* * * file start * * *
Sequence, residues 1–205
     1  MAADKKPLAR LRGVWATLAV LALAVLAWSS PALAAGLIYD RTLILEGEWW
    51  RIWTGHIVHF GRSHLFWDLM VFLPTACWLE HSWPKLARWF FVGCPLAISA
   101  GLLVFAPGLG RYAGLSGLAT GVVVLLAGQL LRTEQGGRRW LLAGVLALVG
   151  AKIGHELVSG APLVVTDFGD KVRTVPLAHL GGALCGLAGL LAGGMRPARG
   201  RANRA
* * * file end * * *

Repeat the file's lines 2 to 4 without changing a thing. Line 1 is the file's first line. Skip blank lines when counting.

     1  MAADKKPLAR LRGVWATLAV LALAVLAWSS PALAAGLIYD RTLILEGEWW
    51  RIWTGHIVHF GRSHLFWDLM VFLPTACWLE HSWPKLARWF FVGCPLAISA
   101  GLLVFAPGLG RYAGLSGLAT GVVVLLAGQL LRTEQGGRRW LLAGVLALVG